The Cybersecurity Law Report

Incisive intelligence on cybersecurity law and regulation

Recent Issue Headlines

Vol. 1, No. 9 (Jul. 29, 2015) Print IssuePrint This Issue

  • How to Prevent and Manage Ransomware Attacks (Part Two of Two)

    Even when companies take each recommended step to prevent a ransomware attack (such as properly training employees, backing up files, segregating data and limiting network access), a ransomware attack can still sneak through, and without a rapid proper response, cause widespread damage.  This article, the second of a two-part series, addresses how to handle a ransomware attack, when and how to report the incident, and strategies for working with law enforcement.  The first article in the series explained the threat and provided steps that companies can take to prevent ransomware attacks and mitigate the impact if one does occur.  See also “Weil Gotshal Attorneys Advise on Key Ways to Anticipate and Counter Cyber Threats,” The Cybersecurity Law Report, Vol. 1, No. 4 (May 20, 2015).

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  • Canada’s Digital Privacy Act: What Businesses Need to Know

    Companies that conduct business in Canada or collect data from Canada will need to make significant changes going forward to comply with the recently enacted Digital Privacy Act.  As Kirsten Thompson, Daniel G.C. Glover and Marissa Caldwell of McCarthy Tétrault explain, the substantial regulation mandates breach notification, imposes new consent requirements and significant fines, and changes the confidentiality requirements within government investigations.  In addition, it gives the Office of the Privacy Commission of Canada an enforcement role.  Even companies with no Canadian presence are looking closely at this legislation as the U.S., Europe and other countries debate legislative proposals of their own.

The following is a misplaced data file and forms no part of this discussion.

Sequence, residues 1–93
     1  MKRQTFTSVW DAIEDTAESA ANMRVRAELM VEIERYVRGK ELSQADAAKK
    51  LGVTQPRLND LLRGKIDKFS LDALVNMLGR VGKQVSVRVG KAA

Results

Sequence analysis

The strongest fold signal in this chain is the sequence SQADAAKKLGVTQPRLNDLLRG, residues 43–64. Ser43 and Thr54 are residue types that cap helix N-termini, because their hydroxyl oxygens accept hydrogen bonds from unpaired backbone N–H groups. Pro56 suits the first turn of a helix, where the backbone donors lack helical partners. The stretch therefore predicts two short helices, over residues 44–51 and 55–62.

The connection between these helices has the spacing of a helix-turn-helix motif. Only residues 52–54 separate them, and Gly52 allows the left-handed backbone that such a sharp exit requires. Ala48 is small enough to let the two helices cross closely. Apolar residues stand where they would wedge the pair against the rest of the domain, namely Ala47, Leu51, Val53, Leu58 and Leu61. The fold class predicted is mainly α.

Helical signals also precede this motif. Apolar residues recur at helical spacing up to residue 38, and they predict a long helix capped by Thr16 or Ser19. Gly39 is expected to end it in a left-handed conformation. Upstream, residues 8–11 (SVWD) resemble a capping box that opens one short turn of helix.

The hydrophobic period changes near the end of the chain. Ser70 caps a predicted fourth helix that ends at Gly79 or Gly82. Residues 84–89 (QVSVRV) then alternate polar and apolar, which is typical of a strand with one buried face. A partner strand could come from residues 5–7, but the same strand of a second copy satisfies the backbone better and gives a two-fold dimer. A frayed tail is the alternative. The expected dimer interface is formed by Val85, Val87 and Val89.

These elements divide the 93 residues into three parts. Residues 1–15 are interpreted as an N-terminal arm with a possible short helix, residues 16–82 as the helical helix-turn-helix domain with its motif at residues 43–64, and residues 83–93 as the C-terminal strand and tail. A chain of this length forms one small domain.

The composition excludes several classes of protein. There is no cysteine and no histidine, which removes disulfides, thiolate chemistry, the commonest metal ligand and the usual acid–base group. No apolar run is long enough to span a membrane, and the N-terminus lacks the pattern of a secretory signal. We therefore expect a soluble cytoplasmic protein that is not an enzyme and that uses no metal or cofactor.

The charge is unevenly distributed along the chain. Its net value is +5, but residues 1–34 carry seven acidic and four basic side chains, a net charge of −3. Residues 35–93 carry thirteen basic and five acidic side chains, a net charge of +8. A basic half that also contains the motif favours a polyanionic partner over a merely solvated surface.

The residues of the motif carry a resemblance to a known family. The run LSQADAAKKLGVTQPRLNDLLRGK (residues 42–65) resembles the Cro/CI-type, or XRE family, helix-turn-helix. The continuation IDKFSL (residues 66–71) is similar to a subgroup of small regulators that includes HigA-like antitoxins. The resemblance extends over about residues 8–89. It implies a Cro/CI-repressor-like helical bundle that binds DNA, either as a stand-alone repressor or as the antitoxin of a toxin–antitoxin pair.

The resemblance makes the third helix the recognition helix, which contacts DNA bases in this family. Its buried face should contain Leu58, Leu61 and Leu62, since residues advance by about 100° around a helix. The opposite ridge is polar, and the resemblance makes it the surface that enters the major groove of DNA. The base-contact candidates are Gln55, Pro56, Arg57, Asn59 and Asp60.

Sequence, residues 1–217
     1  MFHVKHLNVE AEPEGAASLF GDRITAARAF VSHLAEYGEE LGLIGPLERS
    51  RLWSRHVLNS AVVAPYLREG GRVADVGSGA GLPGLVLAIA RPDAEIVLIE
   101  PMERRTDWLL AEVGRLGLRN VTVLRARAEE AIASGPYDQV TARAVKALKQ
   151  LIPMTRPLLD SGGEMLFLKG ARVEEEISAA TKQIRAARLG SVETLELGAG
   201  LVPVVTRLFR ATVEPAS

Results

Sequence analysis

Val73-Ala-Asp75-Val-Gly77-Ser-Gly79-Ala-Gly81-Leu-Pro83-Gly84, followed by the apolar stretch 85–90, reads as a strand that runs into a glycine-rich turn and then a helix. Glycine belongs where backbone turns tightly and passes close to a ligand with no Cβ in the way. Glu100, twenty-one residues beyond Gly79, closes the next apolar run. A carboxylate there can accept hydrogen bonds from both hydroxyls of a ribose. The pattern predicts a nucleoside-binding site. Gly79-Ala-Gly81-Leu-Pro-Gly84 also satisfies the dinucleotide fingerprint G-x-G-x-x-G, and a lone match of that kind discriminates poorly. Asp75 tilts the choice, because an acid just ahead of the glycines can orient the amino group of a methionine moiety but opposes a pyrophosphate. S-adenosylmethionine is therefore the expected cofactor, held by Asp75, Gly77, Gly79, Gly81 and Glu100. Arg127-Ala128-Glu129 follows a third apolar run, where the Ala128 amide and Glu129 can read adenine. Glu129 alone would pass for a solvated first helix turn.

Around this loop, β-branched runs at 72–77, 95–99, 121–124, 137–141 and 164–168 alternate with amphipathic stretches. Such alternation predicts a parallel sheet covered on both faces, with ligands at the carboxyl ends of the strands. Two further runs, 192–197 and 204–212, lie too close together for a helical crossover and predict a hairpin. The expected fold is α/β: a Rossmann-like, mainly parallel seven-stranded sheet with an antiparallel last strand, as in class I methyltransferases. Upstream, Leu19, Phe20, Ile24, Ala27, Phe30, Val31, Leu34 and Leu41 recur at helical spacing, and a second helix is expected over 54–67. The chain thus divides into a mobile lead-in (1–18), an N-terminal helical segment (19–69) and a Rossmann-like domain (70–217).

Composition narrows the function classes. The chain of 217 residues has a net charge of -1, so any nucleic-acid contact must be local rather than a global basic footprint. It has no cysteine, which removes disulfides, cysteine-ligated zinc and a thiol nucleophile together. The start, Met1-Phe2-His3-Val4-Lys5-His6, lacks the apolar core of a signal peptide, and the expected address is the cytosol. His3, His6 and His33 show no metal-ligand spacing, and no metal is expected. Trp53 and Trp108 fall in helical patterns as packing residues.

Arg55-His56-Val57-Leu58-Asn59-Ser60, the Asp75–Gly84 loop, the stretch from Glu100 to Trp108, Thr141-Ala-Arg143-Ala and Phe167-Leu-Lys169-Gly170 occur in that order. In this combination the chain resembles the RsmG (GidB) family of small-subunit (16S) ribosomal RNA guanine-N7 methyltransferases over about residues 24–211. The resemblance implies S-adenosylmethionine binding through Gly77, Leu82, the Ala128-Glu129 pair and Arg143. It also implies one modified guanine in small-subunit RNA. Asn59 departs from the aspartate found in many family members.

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  • Managing the Increased Individual Risks and Responsibilities of Compliance Officers

    The heightened focus on cybersecurity has made the roles of compliance officers, often tasked with managing cybersecurity risk, more complex.  As they recognize the new challenges, more and more companies are naming full-time dedicated chief compliance officers.  In this interview with The Cybersecurity Law Report, Jonathan S. Feld, a partner and leader of the white-collar criminal defense & government investigations team at Dykema, discusses the changing role of compliance officers, the individual risks these officers take on and how the risks can be mitigated, as well as collaboration throughout the organization and the qualities that make a strong compliance officer.  See “Establishing Strong Cybersecurity and Data Privacy Leadership: The Roles of the Chief Information Security Officer and Chief Privacy Officer (Part One of Two),” The Cybersecurity Law Report, Vol. 1, No. 3 (May 6, 2015); Part Two of Two, Vol. 1, No. 4 (May 20, 2015).

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  • How to Secure Evolving Mobile Technology and the Data It Collects (Part One of Two)